Getting organized is usually my first defense and that starts by reevaluating our expenses via a color coded spreadsheet.  As a stay home mom, through trials we learn how to be creative for example; on where to shop to find the best values for groceries (Aldi), how the majority of household providers (cable TV, security systems, phone companies) are willing to drop your monthly expense by simply asking and cooking at home on a budget versus eating out is an enormous savings.    Once those options are exhausted more difficult choices may be necessary.   When I had four small children under the age of 5, I shared with my husband if I didn’t get some help around the house or with laundry I may never make it to see them graduate high school.   Over the last 10 years, I was blessed each Tuesday from 9:00 – 2:00 with my own personal Mary Poppins.  She arrived each week and magically created order in our house, especially the laundry room.   I was spoiled and saying goodbye to that luxury was extremely difficult.   She helped me care for my newborns and she will be missed.  That sadness was lifted when I watched the kids’ expressions, as I showed them their new job charts.  I kind of chuckled when I heard one of them say “clean the bathroom sinks, are you serious?”    My oldest sister has the motto “a family that cleans together and prays together will stay together.”    In our fast past society, busy with sports and activities on the weekend, I believe we lost sight of this fundamental life lesson on working together to care for our home.

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We have many harder choices in front of us, that other families have faced and with perhaps less options than our family.   A few things that I have noticed in this chapter of our life; the idea of walking in faith when we have so many unknown pieces is challenging, rising to be the person I believe God intended me to be is much harder than I thought when under stress and giving into despair is easy.   On the flipside I am noticing blessings in the very small things of life; such as the joy of teaching my child how to wash the baseboards or asking one of the children to help me with calculating the groceries so we stay within a budget.  Or staying home and having a family game night versus going out to the movies.

We have found ways to supplement our monthly income by selling some toys and items around the house via an on-line garage sale site.  I have opened up my schedule for a few more speaking engagements; one at a Christian book store opening in the spring and a morning retreat for the Joliet Diocese Deaconate Wives.  This is my real passion, so please pass along my name if your parish, community or network is in need of speakers.  I also am working as a consultant for my favorite skincare solution and feeling so good about helping individuals address basic and everyday skincare needs; such as sun damaged skin, wrinkles, dull and sensitive skin, acne and eczema.  Having balance in my life for healthy eating, fitness, skin care, nurturing relationship and faith formation all help my confidence and relieve stress.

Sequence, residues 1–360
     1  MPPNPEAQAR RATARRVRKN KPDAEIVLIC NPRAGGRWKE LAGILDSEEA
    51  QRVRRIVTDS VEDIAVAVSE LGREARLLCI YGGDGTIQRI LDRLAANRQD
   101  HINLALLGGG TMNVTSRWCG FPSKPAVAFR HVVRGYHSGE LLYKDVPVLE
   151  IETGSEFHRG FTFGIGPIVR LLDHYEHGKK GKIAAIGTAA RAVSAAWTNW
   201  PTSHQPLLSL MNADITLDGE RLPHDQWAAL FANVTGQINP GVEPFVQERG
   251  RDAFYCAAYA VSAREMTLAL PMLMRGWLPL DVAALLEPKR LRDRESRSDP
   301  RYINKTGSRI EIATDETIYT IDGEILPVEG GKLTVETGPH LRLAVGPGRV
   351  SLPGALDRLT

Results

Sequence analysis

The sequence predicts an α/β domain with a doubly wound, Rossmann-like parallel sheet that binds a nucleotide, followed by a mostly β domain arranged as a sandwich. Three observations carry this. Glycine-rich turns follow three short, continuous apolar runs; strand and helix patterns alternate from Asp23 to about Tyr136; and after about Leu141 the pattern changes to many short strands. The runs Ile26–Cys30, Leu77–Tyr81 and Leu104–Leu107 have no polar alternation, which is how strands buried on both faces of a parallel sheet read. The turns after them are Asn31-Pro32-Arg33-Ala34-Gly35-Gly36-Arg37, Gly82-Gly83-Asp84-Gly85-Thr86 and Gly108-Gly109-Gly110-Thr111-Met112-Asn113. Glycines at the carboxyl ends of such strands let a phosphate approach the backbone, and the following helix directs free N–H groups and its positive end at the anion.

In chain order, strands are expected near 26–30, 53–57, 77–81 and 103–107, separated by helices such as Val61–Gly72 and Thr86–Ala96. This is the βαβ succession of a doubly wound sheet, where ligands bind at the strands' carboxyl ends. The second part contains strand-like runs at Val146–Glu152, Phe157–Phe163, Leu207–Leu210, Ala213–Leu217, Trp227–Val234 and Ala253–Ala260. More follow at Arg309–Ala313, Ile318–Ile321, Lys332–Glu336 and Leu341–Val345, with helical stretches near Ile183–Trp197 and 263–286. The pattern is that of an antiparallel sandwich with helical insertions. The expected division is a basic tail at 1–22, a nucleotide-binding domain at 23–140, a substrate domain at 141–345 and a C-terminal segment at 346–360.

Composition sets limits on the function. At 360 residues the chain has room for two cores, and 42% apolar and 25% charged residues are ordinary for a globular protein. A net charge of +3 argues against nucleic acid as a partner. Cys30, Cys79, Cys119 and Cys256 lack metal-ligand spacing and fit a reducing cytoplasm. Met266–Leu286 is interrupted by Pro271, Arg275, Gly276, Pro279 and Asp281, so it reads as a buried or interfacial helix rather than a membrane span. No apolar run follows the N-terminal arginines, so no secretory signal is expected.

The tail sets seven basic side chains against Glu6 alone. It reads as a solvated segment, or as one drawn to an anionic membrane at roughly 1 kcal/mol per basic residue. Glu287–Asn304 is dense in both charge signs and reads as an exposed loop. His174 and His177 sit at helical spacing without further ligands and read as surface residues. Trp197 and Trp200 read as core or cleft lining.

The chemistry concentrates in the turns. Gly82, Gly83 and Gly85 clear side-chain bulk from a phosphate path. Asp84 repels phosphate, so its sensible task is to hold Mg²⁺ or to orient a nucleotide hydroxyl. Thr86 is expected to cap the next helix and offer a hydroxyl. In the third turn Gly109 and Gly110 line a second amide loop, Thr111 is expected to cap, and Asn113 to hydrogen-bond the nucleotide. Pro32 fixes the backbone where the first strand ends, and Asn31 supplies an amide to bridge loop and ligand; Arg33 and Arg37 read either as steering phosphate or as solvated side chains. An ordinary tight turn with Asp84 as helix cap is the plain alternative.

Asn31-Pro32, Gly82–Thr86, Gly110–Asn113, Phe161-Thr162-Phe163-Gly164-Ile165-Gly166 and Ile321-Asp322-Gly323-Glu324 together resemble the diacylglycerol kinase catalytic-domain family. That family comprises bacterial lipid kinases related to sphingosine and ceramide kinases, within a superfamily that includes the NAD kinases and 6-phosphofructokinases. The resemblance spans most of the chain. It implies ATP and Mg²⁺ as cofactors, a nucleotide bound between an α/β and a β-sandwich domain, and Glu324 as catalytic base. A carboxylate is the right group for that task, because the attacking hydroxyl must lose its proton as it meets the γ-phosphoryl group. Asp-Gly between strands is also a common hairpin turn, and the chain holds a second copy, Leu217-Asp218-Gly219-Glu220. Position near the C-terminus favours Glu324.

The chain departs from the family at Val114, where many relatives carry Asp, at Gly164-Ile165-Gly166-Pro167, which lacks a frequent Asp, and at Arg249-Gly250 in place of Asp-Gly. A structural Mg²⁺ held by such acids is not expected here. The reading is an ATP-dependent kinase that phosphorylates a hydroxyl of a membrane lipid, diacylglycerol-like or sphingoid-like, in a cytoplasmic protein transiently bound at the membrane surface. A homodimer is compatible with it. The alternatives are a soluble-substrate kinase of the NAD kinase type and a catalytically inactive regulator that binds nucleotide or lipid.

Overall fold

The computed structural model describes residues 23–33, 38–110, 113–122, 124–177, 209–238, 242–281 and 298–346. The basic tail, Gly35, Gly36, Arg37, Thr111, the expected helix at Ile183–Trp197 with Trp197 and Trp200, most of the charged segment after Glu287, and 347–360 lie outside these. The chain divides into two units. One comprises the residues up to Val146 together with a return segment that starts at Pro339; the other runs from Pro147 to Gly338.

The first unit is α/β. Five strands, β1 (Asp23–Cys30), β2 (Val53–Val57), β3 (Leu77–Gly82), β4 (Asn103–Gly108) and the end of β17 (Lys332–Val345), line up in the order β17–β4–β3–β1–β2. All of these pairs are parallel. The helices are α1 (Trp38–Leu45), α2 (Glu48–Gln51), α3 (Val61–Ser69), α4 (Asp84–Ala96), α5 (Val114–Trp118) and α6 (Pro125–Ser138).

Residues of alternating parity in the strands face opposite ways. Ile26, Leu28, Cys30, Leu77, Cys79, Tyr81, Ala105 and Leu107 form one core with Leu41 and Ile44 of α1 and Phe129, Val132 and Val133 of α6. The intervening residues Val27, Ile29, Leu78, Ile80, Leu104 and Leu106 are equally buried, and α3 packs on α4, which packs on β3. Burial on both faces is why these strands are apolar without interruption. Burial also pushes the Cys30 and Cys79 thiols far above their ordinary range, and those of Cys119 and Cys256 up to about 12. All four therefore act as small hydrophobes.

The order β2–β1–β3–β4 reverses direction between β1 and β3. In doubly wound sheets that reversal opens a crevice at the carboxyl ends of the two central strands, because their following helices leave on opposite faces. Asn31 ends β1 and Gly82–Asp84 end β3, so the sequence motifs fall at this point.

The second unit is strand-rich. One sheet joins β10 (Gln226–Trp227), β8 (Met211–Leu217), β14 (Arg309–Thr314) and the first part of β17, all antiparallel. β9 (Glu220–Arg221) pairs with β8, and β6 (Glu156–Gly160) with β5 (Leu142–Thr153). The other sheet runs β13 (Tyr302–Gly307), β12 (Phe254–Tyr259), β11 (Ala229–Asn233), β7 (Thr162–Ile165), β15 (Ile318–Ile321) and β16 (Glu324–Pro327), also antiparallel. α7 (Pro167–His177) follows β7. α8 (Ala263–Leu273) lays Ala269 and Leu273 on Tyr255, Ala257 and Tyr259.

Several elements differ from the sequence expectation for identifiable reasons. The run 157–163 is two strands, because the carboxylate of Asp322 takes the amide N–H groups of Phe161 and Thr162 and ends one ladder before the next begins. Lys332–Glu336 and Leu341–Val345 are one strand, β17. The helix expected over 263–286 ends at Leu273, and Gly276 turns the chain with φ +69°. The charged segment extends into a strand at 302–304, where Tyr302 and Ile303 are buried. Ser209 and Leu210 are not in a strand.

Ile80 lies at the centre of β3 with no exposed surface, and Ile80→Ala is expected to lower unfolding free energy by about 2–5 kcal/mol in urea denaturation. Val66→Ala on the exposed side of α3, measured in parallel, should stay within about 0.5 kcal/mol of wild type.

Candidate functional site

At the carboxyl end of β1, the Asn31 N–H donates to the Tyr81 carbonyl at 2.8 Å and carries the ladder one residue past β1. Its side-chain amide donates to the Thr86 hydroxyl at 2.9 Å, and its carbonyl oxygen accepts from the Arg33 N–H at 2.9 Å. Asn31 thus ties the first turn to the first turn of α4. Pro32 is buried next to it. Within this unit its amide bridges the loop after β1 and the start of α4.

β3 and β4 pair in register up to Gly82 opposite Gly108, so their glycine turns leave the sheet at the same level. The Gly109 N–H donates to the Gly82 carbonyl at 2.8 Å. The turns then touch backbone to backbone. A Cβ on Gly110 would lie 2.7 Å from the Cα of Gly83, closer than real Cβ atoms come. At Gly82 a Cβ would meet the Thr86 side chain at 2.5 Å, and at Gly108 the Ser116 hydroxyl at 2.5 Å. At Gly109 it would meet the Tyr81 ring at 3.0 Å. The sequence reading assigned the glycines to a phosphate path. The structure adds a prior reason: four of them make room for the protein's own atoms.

Last year I spoke at Illinois Benedict College to a group of students about “Using Your Strengths and Gifts to Follow Your Dreams.”    I shared with them wisdom from Saint Catherine of Siena “Be who God meant you to be and you will set the world on Fire.”  It is easy to doubt who God intended for me to be when life is at a crossroads.   When following your dreams isn’t quite financially sustaining the family then prayer and patience is necessary.  In scripture we hear that God doesn’t want us to worry and he wants us to trust in Him.  I also believe that God gave us a heart and a mind for a reason.   I believe he asks us to be creative, think outside the box, wear many hats, look at all your options, reevaluate what is important and how do the choices we make impact our not only ourselves but our children as well.

“You are never too old to set another goal or to dream a new dream….”  C.S. Lewis

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Find Light In Darkness

Last night our oldest daughter received her fourth sacrament, Confirmation.  The Mass was celebrated by Abbot Austin Murphy and he reminded us that we have already received the gift of the Holy Spirit during our Baptism.  The Confirmation is another level of accepting the love that Christ gives to us.  God’s love come to us in the form of the gifts of the Holy Spirit, which we have been given to be shared out into the world.  During the Liturgy the choir did an outstanding job singing “Go Light Your Candle” by Chris Rice.  I shared this song via the youtube video, as perhaps a reminder or for inspiration.  The opening lyrics begin……”There is a candle in every soul, some brightly burning, some dark and cold. There is a Spirit who brings a fire – ignites a candle and makes His Home.” and then the song goes on “So carry your candle, run to the darkness, seek out the hopeless, confused and torn……”

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This year I have been pondering the scripture from Jeremiah chapter 29:11 “I alone know the plans I have made for you, plans to bring about the future you hope for.”  Considering my own candle has been feeling dark and cold, this scripture is frustrating for me.  It is great that God has plans for me, I wish I knew the full details of those plans.   Yet when I heard this song it provided me a bit of comfort, knowing Christ has His Home in my heart.  I find comfort in being thankful to see the candle burning brightly in others, especially my newly confirmed daughter.

Perhaps I know God’s plan for me, at least for now, go and pick my kiddos up from the bus stop, help with homework and make dinner.   Amen.